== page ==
The Trial By Franz Kafka Chapter 8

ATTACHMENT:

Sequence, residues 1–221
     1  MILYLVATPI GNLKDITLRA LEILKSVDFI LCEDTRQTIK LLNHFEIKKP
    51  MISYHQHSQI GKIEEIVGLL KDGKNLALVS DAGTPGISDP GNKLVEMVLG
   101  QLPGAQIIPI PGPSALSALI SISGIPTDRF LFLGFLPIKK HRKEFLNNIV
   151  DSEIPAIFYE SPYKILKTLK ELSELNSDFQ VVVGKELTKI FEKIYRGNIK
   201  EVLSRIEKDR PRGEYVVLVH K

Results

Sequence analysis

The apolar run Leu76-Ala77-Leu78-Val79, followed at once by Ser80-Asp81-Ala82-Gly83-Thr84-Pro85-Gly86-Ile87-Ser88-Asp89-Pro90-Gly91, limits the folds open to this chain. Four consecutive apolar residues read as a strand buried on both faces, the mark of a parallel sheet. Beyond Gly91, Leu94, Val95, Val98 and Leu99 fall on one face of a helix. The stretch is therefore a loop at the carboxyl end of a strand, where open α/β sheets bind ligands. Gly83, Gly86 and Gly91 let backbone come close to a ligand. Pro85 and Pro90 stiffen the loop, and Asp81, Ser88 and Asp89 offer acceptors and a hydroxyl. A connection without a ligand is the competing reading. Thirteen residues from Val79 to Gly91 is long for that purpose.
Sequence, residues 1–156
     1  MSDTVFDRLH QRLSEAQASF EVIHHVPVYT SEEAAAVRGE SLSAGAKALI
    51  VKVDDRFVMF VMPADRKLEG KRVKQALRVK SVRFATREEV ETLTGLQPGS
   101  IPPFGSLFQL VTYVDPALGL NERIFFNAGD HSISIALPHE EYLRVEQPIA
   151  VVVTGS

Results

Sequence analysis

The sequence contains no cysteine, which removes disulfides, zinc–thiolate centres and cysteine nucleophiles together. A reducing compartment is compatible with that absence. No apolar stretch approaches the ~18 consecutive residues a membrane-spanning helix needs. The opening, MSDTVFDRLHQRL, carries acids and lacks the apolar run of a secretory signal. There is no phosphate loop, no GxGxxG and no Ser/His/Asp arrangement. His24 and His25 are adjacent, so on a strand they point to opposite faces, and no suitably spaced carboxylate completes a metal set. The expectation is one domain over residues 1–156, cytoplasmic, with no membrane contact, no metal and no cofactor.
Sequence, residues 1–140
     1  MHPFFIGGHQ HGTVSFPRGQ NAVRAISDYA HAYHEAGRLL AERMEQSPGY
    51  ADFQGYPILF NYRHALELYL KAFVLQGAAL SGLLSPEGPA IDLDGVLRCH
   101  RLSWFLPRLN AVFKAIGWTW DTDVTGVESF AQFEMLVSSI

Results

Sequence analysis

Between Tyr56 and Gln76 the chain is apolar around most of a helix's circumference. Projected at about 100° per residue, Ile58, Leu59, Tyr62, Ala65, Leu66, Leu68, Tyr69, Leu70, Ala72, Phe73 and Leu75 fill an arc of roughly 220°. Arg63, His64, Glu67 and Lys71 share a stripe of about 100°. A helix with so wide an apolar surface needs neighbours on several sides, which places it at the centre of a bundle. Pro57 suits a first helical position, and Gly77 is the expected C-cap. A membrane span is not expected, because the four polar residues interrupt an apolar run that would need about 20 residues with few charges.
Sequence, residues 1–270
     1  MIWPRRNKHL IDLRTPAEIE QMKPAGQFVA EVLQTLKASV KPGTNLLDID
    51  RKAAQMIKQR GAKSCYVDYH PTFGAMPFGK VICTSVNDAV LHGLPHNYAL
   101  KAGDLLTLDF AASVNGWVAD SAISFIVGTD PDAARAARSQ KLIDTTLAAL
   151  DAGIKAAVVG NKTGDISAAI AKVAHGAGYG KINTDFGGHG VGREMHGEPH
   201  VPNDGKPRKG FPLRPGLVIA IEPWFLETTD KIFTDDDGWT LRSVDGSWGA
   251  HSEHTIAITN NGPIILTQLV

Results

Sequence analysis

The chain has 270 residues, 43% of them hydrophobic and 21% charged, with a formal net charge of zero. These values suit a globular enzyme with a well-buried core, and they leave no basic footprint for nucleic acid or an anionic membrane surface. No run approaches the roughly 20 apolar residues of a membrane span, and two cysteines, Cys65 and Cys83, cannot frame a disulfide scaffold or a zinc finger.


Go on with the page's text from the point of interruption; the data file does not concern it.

"I've been waiting for you a very long time," said the lawyer from his bed. He had been reading something by the light of a candle but now he laid it onto the bedside table and put his glasses on, looking at K. sharply through them. Instead of apologising K. said, "I'll be leaving again soon." As he had not apologised the lawyer ignored what K. said, and replied, "I won't let you in this late again next time." "I find that quite acceptable," said K. The lawyer looked at him quizzically. "Sit down," he said. "As you wish," said K., drawing a chair up to the bedside table and sitting down. "It seemed to me that you locked the door," said the lawyer. "Yes," said K., "it was because of Leni." He had no intention of letting anyone off lightly. But the lawyer asked him, "Was she being importunate again?" "Importunate?" asked K. "Yes," said the lawyer, laughing as he did so, had a fit of coughing and then, once it had passed, began to laugh again. "I'm sure you must have noticed how importunate she can be sometimes," he said, and patted K.'s hand which K. had rested on the bedside table and which he now snatched back. "You don't attach much importance to it, then," said the lawyer when K. was silent, "so much the better. Otherwise I might have needed to apologise to you. It is a peculiarity of Leni's. I've long since forgiven her for it, and I wouldn't be talking of it now, if you hadn't locked the door just now. Anyway, perhaps I should at least explain this peculiarity of hers to you, but you seem rather disturbed, the way you're looking at me, and so that's why I'll do it, this peculiarity of hers consists in this; Leni finds most of the accused attractive. She attaches herself to each of them, loves each of them, even seems to be loved by each of them; then she sometimes entertains me by telling me about them when I allow her to. I am not so astonished by all of this as you seem to be. If you look at them in the right way the accused really can be attractive, quite often. But that is a remarkable and to some extent scientific phenomenon. Being indicted does not cause any clear, precisely definable change in a person's appearance, of course. But it's not like with other legal matters, most of them remain in their usual way of life and, if they have a good lawyer looking after them, the trial doesn't get in their way. But there are nonetheless those who have experience in these matters who can look at a crowd, however big, and tell you which among them is facing a charge. How can they do that, you will ask. My answer will not please you. It is simply that those who are facing a charge are the most attractive. It cannot be their guilt that makes them attractive as not all of them are guilty — at least that's what I, as a lawyer, have to say — and nor can it be the proper punishment that has made them attractive as not all of them are punished, so it can only be that the proceedings levelled against them take some kind of hold on them. Whatever the reason, some of these attractive people are indeed very attractive. But all of them are attractive, even Block, pitiful worm that he is." As the lawyer finished what he was saying, K. was fully in control of himself, he had even nodded conspicuously at his last few words in order to confirm to himself the view he had already formed; that the lawyer was trying to confuse him, as he always did, by making general and irrelevant observations, and thus distract him from the main question of what he was actually doing for K.'s trial. The lawyer must have noticed that K. was offering him more resistance than before, as he became silent, giving K. the chance to speak himself, and then, as K. also remained silent, he asked, "Did you have a particular reason for coming to see me today?" "Yes," said K., putting his hand up to slightly shade his eyes from the light of the candle so that he could see the lawyer better, "I wanted to tell you that I'm withdrawing my representation from you, with immediate effect." "Do I understand you rightly?" asked the lawyer as he half raised himself in his bed and supported himself with one hand on the pillow. "I think you do," said K., sitting stiffly upright as if waiting in ambush. "Well we can certainly discuss this plan of yours," said the lawyer after a pause. "It's not a plan any more," said K. "That may be," said the lawyer, "but we still mustn't rush anything." He used the word 'we', as if he had no intention of letting K. go free, and as if, even if he could no longer represent him, he could still at least continue as his adviser. "Nothing is being rushed," said K., standing slowly up and going behind his chair, "everything has been well thought out and probably even for too long. The decision is final." "Then allow me to say a few words," said the lawyer, throwing the bed cover to one side and sitting on the edge of the bed. His naked, white- haired legs shivered in the cold. He asked K. to pass him a blanket from the couch. K. passed him the blanket and said, "You are running the risk of catching cold for no reason." "The circumstances are important enough," said the lawyer as he wrapped the bed cover around the top half of his body and then the blanket around his legs. "Your uncle is my friend and in the course of time I've become fond of you as well. I admit that quite openly. There's nothing in that for me to be ashamed of." It was very unwelcome for K. to hear the old man speak in this touching way, as it forced him to explain himself more fully, which he would rather have avoided, and he was aware that it also confused him even though it could never make him reverse his decision. "Thank you for feeling so friendly toward me," he said, "and I also realise how deeply involved you've been in my case, as deeply as possible for yourself and to bring as much advantage as possible to me. Nonetheless, I have recently come to the conviction that it is not enough. I would naturally never attempt, considering that you are so much older and more experienced than I am, to convince you of my opinion; if I have ever unintentionally done so then I beg your forgiveness, but, as you have just said yourself, the circumstances are important enough and it is my belief that my trial needs to be approached with much more vigour than has so far been the case." "I see," said the lawyer, "you've become impatient." "I am not impatient," said K., with some irritation and he stopped paying so much attention to his choice of words. "When I first came here with my uncle you probably noticed I wasn't greatly concerned about my case, and if I wasn't reminded of it by force, as it were, I would forget about it completely. But my uncle insisted I should allow you to represent me and I did so as a favour to him. I could have expected the case to be less of a burden than it had been, as the point of taking on a lawyer is that he should take on some of its weight. But what actually happened was the opposite. Before, the trial was never such a worry for me as it has been since you've been representing me. When I was by myself I never did anything about my case, I was hardly aware of it, but then, once there was someone representing me, everything was set for something to happen, I was always, without cease, waiting for you to do something, getting more and more tense, but you did nothing. I did get some information about the court from you that I probably could not have got anywhere else, but that can't be enough when the trial, supposedly in secret, is getting closer and closer to me." K. had pushed the chair away and stood erect, his hands in the pockets of his frock coat. "After a certain point in the proceedings," said the lawyer quietly and calmly, "nothing new of any importance ever happens. So many litigants, at the same stage in their trials, have stood before me just like you are now and spoken in the same way." "Then these other litigants," said K., "have all been right, just as I am. That does not show that I'm not." "I wasn't trying to show that you were mistaken," said the lawyer, "but I wanted to add that I expected better judgement from you than from the others, especially as I've given you more insight into the workings of the court and my own activities than I normally do. And now I'm forced to accept that, despite everything, you have too little trust in me. You don't make it easy for me." How the lawyer was humiliating himself to K.! He was showing no regard for the dignity of his position, which on this point, must have been at its most sensitive. And why did he do that? He did seem to be very busy as a lawyer as well a rich man, neither the loss of income nor the loss of a client could have been of much importance to him in themselves. He was moreover unwell and should have been thinking of passing work on to others. And despite all that he held on tightly to K. Why? Was it something personal for his uncle's sake, or did he really see K.'s case as one that was exceptional and hoped to be able to distinguish himself with it, either for K.'s sake or — and this possibility could never be excluded — for his friends at the court? It was not possible to learn anything by looking at him, even though K. was scrutinizing him quite brazenly. It could almost be supposed he was deliberately hiding his thoughts as he waited to see what effect his words would have. But he clearly deemed K.'s silence to be favourable for himself and he continued, "You will have noticed the size of my office, but that I don't employ any staff to help me. That used to be quite different, there was a time when several young lawyers were working for me but now I work alone. This is partly to do with changes in the way I do business, in that I concentrate nowadays more and more on matters such as your own case, and partly to do with the ever deeper understanding that I acquire from these legal matters. I found that I could never let anyone else deal with this sort of work unless I wanted to harm both the client and the job I had taken on. But the decision to do all the work myself had its obvious result: I was forced to turn almost everyone away who asked me to represent them and could only accept those I was especially interested in — well there are enough creatures who leap at every crumb I throw down, and they're not so very far away. Most importantly, I became ill from over-work. But despite that I don't regret my decision, quite possibly I should have turned more cases away than I did, but it did turn out to be entirely necessary for me to devote myself fully to the cases I did take on, and the successful results showed that it was worth it. I once read a description of the difference between representing someone in ordinary legal matters and in legal matters of this sort, and the writer expressed it very well. This is what he said: some lawyers lead their clients on a thread until judgement is passed, but there are others who immediately lift their clients onto their shoulders and carry them all the way to the judgement and beyond. That's just how it is. But it was quite true when I said I never regret all this work. But if, as in your case, they are so fully misunderstood, well, then I come very close to regretting it." All this talking did more to make K. impatient than to persuade him. From the way the lawyer was speaking, K. thought he could hear what he could expect if he gave in, the delays and excuses would begin again, reports of how the documents were progressing, how the mood of the court officials had improved, as well as all the enormous difficulties — in short all that he had heard so many times before would be brought out again even more fully, he would try to mislead K. with hopes that were never specified and to make him suffer with threats that were never clear. He had to put a stop to that, so he said, "What will you undertake on my behalf if you continue to represent me?" The lawyer quietly accepted even this insulting question, and answered, "I should continue with what I've already been doing for you." "That's just what I thought," said K., "and now you don't need to say another word." "I will make one more attempt," said the lawyer as if whatever had been making K. so annoyed was affecting him too. "You see, I have the impression that you have not only misjudged the legal assistance I have given you but also that that misjudgement has led you to behave in this way, you seem, although you are the accused, to have been treated too well or, to put it a better way, handled with neglect, with apparent neglect. Even that has its reason; it is often better to be in chains than to be free. But I would like to show you how other defendants are treated, perhaps you will succeed in learning something from it. What I will do is I will call Block in, unlock the door and sit down here beside the bedside table." "Be glad to," said K., and did as the lawyer suggested; he was always ready to learn something new. But to make sure of himself for any event he added, "but you do realise that you are no longer to be my lawyer, don't you?" "Yes," said the lawyer. "But you can still change your mind today if you want to." He lay back down in the bed, pulled the quilt up to his chin and turned to face the wall. Then he rang.